If you think this salty snack is “bad” for you, think again. Pretzels are mostly carbs and sodium, two nutrients that contribute to exercise performance. Carbs provide energy, while sodium helps to replace fluid losses. 

Low fiber cereal

Eating too much fiber before a workout can make you feel like you have to run to the bathroom. But a lower-fiber cereal provides carbs and some protein for quick energy. Look for one that has less than 2 or 3 grams of fiber per serving. 

Fruit popsicles

Why not enjoy your pre-workout fuel? A simple fruit popsicle provides the sugar your body needs to power you through endurance activity, and it has the added bonus of being refreshing on a hot or humid day. 

Graham crackers

If you prefer your crackers with a subtly sweet taste, opt for a few graham crackers before a workout. If your stomach can handle the extra fat/protein, smear them with a little bit of peanut butter. 


Almonds are rich in healthy fats and protein, two nutrients that actually provide energy during a low-intensity workout. If you have easy training on hand, have a handful of almonds for sustained energy and to keep you feeling full during your workout.

What can I eat 30 minutes before a workout?

If you only have 30 minutes until your workout, choose a simple carb that is easily digestible. These items from the list above are perfect to eat right before exercise:

  • Banana
  • Seasonal fruit
  • Dried fruit
  • Dates
  • Potatoes
  • Pretzels
  • Low fiber cereal
  • Fruit popsicle
  • Graham crackers

Is pre-workout suitable for plant-based athletes?

Pre-workout supplements, which are often called “pre-workouts” are a combination of supplements that are meant to give you energy for a workout. They come in powder form that is drinkable after the liquid is added.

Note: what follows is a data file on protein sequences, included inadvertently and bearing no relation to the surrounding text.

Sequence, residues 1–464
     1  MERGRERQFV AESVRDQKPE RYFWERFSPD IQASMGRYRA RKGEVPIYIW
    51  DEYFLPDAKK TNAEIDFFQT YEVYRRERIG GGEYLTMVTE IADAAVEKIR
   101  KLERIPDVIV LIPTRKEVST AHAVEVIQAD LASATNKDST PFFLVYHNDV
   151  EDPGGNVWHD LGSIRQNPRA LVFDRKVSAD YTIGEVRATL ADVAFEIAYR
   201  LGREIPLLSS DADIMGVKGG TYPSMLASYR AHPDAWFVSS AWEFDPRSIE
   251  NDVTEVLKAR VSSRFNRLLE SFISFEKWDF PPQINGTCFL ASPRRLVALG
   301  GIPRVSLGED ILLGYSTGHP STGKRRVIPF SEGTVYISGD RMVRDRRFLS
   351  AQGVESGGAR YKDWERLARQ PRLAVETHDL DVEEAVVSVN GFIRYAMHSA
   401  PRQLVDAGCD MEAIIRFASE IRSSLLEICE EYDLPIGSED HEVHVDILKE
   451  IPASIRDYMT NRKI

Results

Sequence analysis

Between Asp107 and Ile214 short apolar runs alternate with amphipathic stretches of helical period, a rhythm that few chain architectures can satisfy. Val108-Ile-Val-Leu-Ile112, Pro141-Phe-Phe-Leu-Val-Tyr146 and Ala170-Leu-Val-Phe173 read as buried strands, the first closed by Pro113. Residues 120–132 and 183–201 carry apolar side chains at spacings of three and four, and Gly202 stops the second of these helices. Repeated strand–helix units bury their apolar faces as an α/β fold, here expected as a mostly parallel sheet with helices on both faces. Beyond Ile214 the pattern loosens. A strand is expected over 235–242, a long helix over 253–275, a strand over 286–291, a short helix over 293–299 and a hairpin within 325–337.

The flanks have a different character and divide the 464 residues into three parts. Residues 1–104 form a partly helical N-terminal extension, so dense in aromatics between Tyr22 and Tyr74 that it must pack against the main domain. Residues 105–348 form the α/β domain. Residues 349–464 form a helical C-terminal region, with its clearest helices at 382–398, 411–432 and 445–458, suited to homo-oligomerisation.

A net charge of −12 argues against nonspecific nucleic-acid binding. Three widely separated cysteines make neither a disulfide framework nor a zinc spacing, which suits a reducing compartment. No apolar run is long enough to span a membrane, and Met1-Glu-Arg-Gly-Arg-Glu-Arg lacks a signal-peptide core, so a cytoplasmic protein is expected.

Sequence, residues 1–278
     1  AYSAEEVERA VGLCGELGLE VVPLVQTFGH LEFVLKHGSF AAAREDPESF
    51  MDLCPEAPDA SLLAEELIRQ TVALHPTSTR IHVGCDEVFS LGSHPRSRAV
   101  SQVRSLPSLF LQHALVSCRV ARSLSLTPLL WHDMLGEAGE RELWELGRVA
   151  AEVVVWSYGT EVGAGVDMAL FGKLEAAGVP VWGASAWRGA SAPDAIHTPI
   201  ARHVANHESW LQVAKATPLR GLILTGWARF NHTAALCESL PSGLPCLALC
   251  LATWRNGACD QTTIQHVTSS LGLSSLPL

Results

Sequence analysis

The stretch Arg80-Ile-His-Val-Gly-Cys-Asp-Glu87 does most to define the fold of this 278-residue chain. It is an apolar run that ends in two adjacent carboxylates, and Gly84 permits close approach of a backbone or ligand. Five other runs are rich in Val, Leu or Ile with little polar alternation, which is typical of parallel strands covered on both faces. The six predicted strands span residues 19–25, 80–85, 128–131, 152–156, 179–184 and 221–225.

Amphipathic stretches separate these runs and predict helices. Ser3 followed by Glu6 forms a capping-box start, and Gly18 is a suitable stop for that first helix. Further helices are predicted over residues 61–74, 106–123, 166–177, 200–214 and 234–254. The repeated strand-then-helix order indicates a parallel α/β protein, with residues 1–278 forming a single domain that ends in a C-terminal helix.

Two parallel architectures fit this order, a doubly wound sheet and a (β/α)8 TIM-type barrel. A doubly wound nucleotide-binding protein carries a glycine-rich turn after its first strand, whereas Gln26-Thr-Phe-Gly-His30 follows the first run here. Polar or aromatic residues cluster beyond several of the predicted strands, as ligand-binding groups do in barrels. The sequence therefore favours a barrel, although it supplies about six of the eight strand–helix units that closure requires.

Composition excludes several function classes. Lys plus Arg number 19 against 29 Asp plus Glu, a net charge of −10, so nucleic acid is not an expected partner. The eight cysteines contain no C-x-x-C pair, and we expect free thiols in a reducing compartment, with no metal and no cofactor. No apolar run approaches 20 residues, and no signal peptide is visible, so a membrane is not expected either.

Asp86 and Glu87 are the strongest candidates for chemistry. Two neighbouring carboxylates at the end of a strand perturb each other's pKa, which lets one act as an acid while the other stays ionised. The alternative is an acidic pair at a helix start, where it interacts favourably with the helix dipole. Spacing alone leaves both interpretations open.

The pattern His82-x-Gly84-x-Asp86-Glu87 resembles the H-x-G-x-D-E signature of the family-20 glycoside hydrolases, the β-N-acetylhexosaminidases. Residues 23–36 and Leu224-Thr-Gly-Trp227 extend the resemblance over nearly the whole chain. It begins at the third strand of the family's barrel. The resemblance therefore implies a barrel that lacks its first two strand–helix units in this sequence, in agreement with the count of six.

All “pre-workouts” are different, but they generally contain a mixture of caffeine, amino acids (the building blocks of protein), creatine (a nitrogen compound that helps with muscle growth), glucose (aka carbs), and electrolytes. Most “pre-workouts” are vegan, but check the ingredients list to make sure there are no animal products. 

That said, spending money on a “pre-workout” is completely unnecessary. You can get the energy you need from food and hydration. Caffeine does help with athletic performance, but there’s plenty of caffeine in coffee, tea, or sports nutrition products. 

The Bottom Line

Fueling your workouts with these vegan pre-workout foods can enhance your performance and support your overall fitness goals. Remember that timing is crucial; eat these foods at the right time to allow for proper digestion. Experiment with different combinations to find what works best for your body and preferences. With the right fuel, you’ll be well on your way to achieving your fitness aspirations while staying committed to your plant-based lifestyle. Stay fit, stay fueled, and stay plant-powered!


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I’m Natalie Rizzo, an NYC-based Registered Dietitian.

My mission is to help everyday athletes fuel their fitness with plants.